# Difference between revisions of "Hask"

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Hask is the category of Haskell types and functions.

The objects of Hask are Haskell types, and the morphisms from objects `A` to `B` are Haskell functions of type `A -> B`. The identity morphism for object `A` is `id :: A`, and the composition of morphisms `f` and `g` is `f . g = \x -> f (g x)`.

## Is Hask even a category?

Consider:

```undef1 = undefined :: a -> b
undef2 = \_ -> undefined
```

Note that these are not the same value:

```seq undef1 () = undefined
seq undef2 () = ()
```

This might be a problem, because `undef1 . id = undef2`. In order to make Hask a category, we define two functions `f` and `g` as the same morphism if `f x = g x` for all `x`. Thus `undef1` and `undef2` are different values, but the same morphism in Hask.

## Hask is not Cartesian closed

Actual Hask does not have sums, products, or an initial object, and `()` is not a terminal object. The Monad identities fail for almost all instances of the Monad class.

Why Hask isn't as nice as you'd thought.
Initial Object Terminal Object Sum Product Product
Type `data Empty` `data () = ()` `data Either a b = Left a | Right b` `data (a,b) = (,) { fst :: a, snd :: b}` `data P a b = P {fstP :: !a, sndP :: !b}`
Requirement There is a unique function

`u :: Empty -> r`

There is a unique function

`u :: r -> ()`

For any functions

`f :: a -> r`
`g :: b -> r`

there is a unique function `u :: Either a b -> r`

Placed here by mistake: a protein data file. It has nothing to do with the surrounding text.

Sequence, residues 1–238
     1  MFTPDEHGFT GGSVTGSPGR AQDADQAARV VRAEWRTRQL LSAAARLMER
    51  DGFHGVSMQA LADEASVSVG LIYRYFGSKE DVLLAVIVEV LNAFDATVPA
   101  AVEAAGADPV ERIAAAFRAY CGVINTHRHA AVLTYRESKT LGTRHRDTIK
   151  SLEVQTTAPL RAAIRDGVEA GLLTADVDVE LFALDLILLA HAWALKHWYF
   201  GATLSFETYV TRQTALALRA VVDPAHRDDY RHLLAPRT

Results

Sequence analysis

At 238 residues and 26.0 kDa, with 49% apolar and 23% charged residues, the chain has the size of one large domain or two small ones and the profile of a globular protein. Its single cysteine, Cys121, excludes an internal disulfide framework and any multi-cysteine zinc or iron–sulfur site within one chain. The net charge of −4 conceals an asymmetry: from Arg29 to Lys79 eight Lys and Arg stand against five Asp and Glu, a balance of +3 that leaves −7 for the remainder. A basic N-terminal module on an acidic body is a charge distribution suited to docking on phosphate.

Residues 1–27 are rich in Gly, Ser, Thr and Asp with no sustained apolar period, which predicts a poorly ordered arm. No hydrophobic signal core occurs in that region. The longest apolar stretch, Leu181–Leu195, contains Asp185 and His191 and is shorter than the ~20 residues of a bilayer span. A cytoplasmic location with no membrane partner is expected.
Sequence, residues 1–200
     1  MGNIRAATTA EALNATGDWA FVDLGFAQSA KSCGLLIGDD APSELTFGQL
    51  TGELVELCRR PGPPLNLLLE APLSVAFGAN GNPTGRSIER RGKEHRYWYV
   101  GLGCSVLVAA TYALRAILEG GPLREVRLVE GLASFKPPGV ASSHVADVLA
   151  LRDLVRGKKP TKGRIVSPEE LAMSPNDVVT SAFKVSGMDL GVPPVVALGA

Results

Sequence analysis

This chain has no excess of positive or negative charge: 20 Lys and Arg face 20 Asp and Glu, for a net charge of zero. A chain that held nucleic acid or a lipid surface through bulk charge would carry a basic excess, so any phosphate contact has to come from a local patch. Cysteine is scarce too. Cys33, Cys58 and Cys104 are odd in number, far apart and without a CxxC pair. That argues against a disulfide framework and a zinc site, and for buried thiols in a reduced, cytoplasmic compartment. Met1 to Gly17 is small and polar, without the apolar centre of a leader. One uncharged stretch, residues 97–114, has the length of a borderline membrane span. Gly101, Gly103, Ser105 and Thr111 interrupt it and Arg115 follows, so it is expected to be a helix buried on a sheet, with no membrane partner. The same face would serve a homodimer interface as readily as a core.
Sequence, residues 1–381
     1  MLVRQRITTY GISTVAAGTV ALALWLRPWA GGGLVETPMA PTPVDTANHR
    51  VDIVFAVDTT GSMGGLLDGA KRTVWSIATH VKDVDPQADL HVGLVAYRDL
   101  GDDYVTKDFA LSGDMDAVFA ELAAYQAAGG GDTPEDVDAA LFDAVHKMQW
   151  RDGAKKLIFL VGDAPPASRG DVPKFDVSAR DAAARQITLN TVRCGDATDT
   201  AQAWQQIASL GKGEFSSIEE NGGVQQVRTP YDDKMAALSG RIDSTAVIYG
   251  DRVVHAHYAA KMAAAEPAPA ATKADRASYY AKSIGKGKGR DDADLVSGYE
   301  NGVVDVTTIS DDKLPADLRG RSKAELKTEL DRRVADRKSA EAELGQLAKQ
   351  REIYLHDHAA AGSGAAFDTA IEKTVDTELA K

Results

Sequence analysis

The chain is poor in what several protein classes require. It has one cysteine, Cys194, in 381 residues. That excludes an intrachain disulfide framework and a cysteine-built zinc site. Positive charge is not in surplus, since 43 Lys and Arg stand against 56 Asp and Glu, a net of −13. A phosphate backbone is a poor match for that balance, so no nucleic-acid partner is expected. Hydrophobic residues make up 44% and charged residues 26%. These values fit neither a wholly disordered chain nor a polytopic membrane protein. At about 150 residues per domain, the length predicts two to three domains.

such that: `u . Left = f`
`u . Right = g`

For any functions

`f :: r -> a`
`g :: r -> b`

there is a unique function `u :: r -> (a,b)`

such that: `fst . u = f`
`snd . u = g`

For any functions

`f :: r -> a`
`g :: r -> b`

there is a unique function `u :: r -> P a b`

such that: `fstP . u = f`
`sndP . u = g`

Platonic candidate `u1 r = case r of {}` `u1 _ = ()` `u1 (Left a) = f a`

`u1 (Right b) = g b`

`u1 r = (f r,g r)` `u1 r = P (f r) (g r)`
Example failure condition `r ~ ()` `r ~ ()` `r ~ ()`

`f _ = ()`
`g _ = ()`

`r ~ ()`

`f _ = undefined`
`g _ = undefined`

`r ~ ()`

`f _ = undefined`
`g _ = ()`

Alternative u `u2 _ = ()` `u2 _ = undefined` `u2 _ = ()` `u2 _ = undefined`
Difference `u1 undefined = undefined`

`u2 undefined = ()`

`u1 _ = ()`

`u2 _ = undefined`

`u1 undefined = undefined`

`u2 undefined = ()`

`u1 _ = (undefined,undefined)`

`u2 _ = undefined`

`g _ = ()`

`(fstP . u1) _ = undefined`

Result FAIL FAIL FAIL FAIL FAIL

## "Platonic" Hask

Because of these difficulties, Haskell developers tend to think in some subset of Haskell where types do not have bottom values. This means that it only includes functions that terminate, and typically only finite values. The corresponding category has the expected initial and terminal objects, sums and products. Instances of Functor and Monad really are endofunctors and monads.